Automation destroys low-skill jobs and creates new, high-skill jobs simultaneously, changing America’s job mix as it goes. Those who obtain new skills can end up earning more, but those who don’t can end up earning substantially less – or falling out of the workforce entirely. If we don’t act, automation will increase the gap between rich and poor, skilled and unskilled.
One solution? Fix our high schools. As jobs grow more technology-intensive, today’s high school students must become more proficient in science, engineering, and math. Tenacity, teamwork, and an appreciation for “lifelong learning” are also critical. Today’s high school students will need to retrain throughout their careers, and they are likely to hold more than a dozen jobs by the time they’re 50.
The challenge is greater for low-income and minority students. African-American and Hispanic students are twice as likely to drop out of high school as white students, and students from affluent families are seven times more likely to earn a four-year degree than students from poor families. The answer for many of these students? Four years of computer science, internships with local businesses, robotics clubs, “makers spaces” – and dedicated teachers who understand what the “future of work” offers their graduates.
At Washington Leadership Academy (WLA), students take the standard four years of English, math, and social studies. They also take four years of computer science, which is included in WLA’s core curriculum.
Founded just four years ago, WLA is a public charter high school serving students from some of the city’s most disadvantaged neighborhoods. Seven out of ten WLA students are economically disadvantaged. One in four WLA students has special needs. WLA’s mission is to educate students to be college- and career-ready by placing a heavy emphasis on technical skills – like computer science.
“We find that not only are our students ready for [coding], but they really thrive,” said Natalie Gould, co-founder and COO of WLA. As schools across the U.S. struggle to keep students engaged, WLA has proven that computer science – and exposure to its uses in the real world – attracts and holds them.
WLA’s curriculum prepares 100% of WLA’s students to take the AP Computer Science Principles exam during their sophomore year. By making computer science more accessible, WLA also makes it more equitable: 90% of African American students and one-third of women that pass the AP exam in D.C. come from WLA.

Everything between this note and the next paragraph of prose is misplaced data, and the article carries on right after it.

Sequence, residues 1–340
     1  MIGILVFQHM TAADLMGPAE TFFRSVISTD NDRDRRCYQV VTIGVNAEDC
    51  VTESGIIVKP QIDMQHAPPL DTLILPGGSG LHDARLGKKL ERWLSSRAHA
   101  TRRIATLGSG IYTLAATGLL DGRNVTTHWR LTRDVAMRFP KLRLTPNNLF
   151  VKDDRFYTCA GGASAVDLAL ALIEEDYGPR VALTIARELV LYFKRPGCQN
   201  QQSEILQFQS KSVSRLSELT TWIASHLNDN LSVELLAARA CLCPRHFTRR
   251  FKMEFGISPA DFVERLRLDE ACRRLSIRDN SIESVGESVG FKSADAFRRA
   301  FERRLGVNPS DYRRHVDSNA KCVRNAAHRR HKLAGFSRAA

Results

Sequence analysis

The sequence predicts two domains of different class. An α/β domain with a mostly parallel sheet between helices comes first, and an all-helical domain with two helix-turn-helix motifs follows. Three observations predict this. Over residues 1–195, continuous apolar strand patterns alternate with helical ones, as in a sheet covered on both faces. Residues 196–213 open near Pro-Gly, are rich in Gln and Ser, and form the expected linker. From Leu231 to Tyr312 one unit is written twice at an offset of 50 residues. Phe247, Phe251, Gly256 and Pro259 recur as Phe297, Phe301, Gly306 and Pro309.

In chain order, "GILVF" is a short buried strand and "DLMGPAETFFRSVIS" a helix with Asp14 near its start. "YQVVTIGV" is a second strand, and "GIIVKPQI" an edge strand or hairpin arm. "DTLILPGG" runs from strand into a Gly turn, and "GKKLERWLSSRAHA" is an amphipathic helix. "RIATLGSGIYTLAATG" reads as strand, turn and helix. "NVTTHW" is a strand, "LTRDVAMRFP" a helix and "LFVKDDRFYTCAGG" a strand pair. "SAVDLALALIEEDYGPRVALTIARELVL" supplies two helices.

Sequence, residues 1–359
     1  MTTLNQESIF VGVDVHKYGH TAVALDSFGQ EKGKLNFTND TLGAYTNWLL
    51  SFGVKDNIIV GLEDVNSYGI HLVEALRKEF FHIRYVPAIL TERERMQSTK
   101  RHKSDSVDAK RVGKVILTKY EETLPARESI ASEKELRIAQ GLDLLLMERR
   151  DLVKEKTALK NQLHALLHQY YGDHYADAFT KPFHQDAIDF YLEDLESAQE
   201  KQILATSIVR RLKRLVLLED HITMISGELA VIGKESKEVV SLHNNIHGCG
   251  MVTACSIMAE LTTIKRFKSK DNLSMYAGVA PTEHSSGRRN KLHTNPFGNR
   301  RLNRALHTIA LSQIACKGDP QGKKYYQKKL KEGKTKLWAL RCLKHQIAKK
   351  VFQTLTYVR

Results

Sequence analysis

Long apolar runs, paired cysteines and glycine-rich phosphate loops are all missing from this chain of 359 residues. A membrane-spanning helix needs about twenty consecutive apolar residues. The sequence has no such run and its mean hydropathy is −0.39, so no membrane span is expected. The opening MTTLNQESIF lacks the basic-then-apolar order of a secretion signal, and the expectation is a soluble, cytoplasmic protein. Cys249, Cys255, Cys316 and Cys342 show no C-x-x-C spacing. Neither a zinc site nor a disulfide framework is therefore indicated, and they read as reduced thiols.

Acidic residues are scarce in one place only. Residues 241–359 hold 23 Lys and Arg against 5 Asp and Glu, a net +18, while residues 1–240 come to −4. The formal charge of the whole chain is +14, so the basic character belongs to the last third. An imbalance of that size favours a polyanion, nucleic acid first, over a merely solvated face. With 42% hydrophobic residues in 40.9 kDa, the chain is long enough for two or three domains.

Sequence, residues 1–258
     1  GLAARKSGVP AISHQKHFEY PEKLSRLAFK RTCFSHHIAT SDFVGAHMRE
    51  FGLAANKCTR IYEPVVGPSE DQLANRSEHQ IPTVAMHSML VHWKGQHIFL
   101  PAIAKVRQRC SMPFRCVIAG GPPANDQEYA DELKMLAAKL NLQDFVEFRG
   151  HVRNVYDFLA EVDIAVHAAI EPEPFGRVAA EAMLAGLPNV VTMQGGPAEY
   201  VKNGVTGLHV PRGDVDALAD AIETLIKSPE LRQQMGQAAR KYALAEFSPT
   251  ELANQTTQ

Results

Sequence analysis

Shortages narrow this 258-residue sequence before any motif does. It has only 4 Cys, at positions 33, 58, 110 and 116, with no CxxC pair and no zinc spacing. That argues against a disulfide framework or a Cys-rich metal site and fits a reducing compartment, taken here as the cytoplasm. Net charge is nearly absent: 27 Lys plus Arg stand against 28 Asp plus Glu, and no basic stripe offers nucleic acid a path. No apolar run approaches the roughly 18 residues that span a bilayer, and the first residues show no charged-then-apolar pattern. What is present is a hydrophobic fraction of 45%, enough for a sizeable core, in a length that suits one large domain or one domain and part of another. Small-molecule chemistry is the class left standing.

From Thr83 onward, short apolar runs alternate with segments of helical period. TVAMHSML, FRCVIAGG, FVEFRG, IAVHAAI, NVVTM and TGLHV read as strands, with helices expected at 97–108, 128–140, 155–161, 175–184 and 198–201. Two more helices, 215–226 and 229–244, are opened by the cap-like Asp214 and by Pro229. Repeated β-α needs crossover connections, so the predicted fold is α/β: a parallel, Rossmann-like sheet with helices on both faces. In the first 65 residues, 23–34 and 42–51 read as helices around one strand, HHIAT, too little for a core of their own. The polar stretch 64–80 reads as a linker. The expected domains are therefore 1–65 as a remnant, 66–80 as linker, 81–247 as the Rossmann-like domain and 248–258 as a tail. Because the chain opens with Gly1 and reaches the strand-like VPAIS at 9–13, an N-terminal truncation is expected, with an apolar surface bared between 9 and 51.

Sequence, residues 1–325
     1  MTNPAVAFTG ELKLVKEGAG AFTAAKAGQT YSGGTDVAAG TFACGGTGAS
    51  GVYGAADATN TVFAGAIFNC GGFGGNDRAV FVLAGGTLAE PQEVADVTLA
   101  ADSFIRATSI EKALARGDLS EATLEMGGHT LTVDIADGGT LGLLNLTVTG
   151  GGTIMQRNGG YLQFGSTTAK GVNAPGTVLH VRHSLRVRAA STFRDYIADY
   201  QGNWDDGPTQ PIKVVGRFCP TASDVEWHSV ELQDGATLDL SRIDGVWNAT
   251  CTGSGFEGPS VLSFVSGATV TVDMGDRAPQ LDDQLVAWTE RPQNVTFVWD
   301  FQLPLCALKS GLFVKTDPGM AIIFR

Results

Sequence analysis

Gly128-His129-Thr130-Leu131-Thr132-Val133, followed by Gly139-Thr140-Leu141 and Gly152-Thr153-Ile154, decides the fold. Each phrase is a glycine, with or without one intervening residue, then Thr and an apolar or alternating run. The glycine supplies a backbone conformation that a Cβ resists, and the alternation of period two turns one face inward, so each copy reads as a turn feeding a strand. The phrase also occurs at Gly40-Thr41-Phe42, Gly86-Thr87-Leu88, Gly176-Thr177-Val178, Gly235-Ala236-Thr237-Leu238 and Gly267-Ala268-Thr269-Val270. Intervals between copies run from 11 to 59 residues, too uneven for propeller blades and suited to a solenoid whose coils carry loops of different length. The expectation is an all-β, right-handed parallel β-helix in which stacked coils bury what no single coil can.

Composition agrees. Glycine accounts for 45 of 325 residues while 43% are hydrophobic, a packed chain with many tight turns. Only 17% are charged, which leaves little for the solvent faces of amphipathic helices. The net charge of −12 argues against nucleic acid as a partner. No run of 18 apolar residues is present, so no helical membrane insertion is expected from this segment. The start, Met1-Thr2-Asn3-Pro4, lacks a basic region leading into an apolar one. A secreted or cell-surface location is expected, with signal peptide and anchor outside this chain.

To put this in context, WLA serves about 400 students, or less than half of one percent of DC’s ~18,000 high school students. A school representing less than half a percent of the city’s students is responsible for 32% of its students passing AP Computer Science Principles.
“We teach computer science as a language of power,” Gould said. “[Our] students deserve to be at the forefront of a system of power and I think computer science is what will give it to them. This is where they can get ahead of many of their more privileged peers.”
In addition to focusing on computer science, WLA operates a “maker space” on campus that lets students design and produce their own products. Students sell their products to their peers and train one another on how to use the equipment. Teachers also have access to the maker space to incorporate more hands-on and project-based elements into their daily lessons.
WLA also runs a robust internship program. During their junior year, students intern at a non-profit or governmental office every Friday afternoon. “What does it take to thrive in the world? Well, you need practice being in the world. And so few schools actually do that,” said Gould. Internships also teach students ‘soft skills’ like teamwork, self-reliance, and the ability to adapt.
WLA’s approach is scalable. In fact, as WLA refines its computer science curriculum, it will be sharing it as open-source materials so other schools can use it. WLA envisions that within five years, any high school that wants to incorporate computer science into its program will be able to. “Many schools think there just isn’t enough time for all kids to learn CS at any point during their high school career, particularly high-need or low-income students. We want to change that mindset and lower the barrier to entry. Any high school can offer CS programming if you get creative enough, and we plan to make the materials available so schools can make it happen.”